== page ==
2015 UCCONNECT Student Conference

The first Student Conference sponsored by UCCONNECT was held during the weekend of February 27-28 2015 on the campus of UC Santa Barbara.  In addition to hosting the event, UCSB Professor Kostas Goulias and student assistants Adam Davis and Jae Hyun Lee presented a well-rounded interactive program that facilitated lively discussion between students from various UC and Cal State campuses, as well as among faculty and government transportation officials.

The organizing students, including Jae Hyun Lee (left) and Adam Davis (right).

The conference kicked off on Friday, with multiple workshop presentations and a panel discussion on the topic of Pattern Recognition and Anomaly Detection for Modeling and Simulation in Sustainable Transportation, that featured faculty from multiple universities throughout the nation. 

The speakers addressed a wide variety of topics, such as the inference of activity based models using advanced machine learning tools, the mining of Foursquare’s check in data to capture LA’s pulse, the use of a cyber search to analyze the location of existing fire stations in the LA area, and cyber-security from control and game theory perspectives.


The late afternoon of day one included a talk by CUTC student of the year Jack Reilly, who presented the results of his award-winning dissertation, followed by a reception and welcome talk given by UCSB Professor Keith Clark. 

Jack Reilly presents his dissertation results.

The first day concluded with a Lightning-Talk Poster session using a ‘pass the mic’ format. This innovative approach proved effective in engaging the poster presenters and the audience in further discussion about the research. The first day concluded with a meeting of the UCCONNECT Executive Committee.

Two Cal Poly Pomona students present their research results to the attendees of the Lightning-Talk poster sessions.

Day two of the conference started with a meeting of the UCCONNECT Advisory Board.  After that, Professors Goulias and Cassidy addressed the students in attendance in their opening remarks, which were followed by a double keynote presentation from Caltrans’ Coco Briseno, Chief of Division of Research, Innovation and System Information, and Katie Benouar Chief of the Division of Transportation Planning.  Each discussed the present state of transportation research in California and funding currently provided to UCCONNECT, as well as the future of transportation research and the role that students of transportation will play in designing and shaping paradigms for California and beyond. 

Advisory and Executive Committee members on attendance during day two.

Much of the second day was thereafter dedicated to podium sessions on a myriad of topics presented by students from throughout the UC system as from various campuses at the California State University. The late afternoon featured a panel discussion composed of the UCCONNECT Advisory Board members in attendance.  Those members fielded questions from the audience in what was a lively debate.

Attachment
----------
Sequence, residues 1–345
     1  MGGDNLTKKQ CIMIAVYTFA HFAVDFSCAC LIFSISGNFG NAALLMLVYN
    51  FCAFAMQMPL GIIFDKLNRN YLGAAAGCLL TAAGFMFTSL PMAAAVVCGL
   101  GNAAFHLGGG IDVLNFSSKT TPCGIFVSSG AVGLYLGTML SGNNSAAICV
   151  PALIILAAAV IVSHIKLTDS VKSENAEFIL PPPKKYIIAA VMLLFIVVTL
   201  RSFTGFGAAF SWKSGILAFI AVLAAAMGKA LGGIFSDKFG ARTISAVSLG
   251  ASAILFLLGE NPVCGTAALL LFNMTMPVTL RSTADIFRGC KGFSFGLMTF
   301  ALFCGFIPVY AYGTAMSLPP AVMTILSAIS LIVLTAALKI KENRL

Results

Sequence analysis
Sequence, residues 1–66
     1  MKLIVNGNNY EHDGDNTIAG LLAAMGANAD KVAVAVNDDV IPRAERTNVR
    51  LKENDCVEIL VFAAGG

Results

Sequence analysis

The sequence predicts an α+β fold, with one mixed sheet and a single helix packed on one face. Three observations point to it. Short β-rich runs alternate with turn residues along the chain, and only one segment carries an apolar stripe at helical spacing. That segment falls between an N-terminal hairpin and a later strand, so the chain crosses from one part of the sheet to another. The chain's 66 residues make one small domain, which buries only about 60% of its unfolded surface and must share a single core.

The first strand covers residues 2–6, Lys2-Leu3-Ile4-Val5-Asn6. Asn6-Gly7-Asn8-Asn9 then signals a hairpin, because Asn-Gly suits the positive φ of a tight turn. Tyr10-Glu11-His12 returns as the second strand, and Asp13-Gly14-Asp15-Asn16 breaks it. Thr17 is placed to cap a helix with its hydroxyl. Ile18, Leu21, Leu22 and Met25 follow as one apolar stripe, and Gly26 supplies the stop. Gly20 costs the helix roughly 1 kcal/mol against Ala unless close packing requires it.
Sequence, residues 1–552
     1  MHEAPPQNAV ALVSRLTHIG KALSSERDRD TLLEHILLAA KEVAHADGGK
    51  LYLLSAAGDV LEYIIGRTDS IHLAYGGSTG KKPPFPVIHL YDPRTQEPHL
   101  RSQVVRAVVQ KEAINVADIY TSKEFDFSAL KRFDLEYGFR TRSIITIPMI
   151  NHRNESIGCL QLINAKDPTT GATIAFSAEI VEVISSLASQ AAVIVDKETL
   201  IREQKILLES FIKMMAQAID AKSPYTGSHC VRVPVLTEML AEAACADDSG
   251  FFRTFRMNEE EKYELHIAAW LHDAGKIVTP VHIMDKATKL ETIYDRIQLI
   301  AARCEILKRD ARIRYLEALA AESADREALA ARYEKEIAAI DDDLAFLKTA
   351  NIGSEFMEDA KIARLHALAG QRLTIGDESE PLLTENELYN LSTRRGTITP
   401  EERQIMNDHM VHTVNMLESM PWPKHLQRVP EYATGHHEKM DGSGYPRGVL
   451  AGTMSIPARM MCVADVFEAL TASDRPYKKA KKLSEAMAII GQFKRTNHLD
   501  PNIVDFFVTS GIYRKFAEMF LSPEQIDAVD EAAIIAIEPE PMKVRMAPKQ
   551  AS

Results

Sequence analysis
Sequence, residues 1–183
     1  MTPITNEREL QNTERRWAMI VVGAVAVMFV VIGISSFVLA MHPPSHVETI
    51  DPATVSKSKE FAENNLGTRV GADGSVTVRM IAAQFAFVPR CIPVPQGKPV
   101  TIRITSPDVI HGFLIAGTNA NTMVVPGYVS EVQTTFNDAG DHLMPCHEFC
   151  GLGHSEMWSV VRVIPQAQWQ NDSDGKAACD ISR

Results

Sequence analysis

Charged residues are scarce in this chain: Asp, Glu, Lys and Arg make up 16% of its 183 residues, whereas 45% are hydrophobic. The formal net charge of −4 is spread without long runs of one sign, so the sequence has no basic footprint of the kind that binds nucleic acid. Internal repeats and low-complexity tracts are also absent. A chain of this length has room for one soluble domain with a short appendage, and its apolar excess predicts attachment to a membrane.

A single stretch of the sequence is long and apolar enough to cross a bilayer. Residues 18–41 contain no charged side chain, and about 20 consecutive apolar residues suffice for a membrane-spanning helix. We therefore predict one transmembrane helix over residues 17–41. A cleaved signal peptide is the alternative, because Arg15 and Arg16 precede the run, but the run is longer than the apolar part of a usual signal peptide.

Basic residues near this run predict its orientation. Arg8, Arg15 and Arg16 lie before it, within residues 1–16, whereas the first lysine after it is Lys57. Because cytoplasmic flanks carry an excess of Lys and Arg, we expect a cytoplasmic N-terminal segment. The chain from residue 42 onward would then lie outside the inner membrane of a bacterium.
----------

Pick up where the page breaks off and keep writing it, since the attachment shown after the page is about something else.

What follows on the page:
Conference attendees listen to the opening remarks by Professors Goulias and Cassidy.

The penultimate event of the conference was the Mel Webber Lecture presented by Professor Hani Mahmassani, of Northwestern University.

Professor Hani Mahmassani presents the Mel Webber Lecture.
In his lecture, Professor Mahmassani addressed the challenges and opportunities associated with the use of big data in transportation. Interesting and provocative research and implementation examples were presented.

The final event of the evening fittingly acknowledged the students by presenting awards based on a number of criteria as judged primarily by the Advisory and Executive Committee members.  The list of awardees, their affiliations, and presentation/poster titles is as follows:  

  • Best overall poster: Duaa Gettani, UC Davis, "Achieving low-carbon transport in the Middle East/North Africa."
  • Best poster analysis: Allan Rimban, San Jose State University, "How Do US Transit Officials Approach Fare Policy?"
  • Best poster design: Rachel Lindt, UCLA, "The Avalon Green Alley Network Demonstration Project: Lessons Learned from Previous Projects and Programs to Aid in Green Alley Development in Los Angeles and Beyond."
  • Best overall presentation: Nate Isbell, UCSB, "Modeling Second-by-Second Emission in a Mega-Region."
  • Best presentation analysis: Zahra Amini, UC Berkeley, "Exploring alternative schemes to serve transit corridors."
  • Best presentation talk: Andrea Broaddus, UC Berkeley, "Longer-term impacts of the London congestion charge."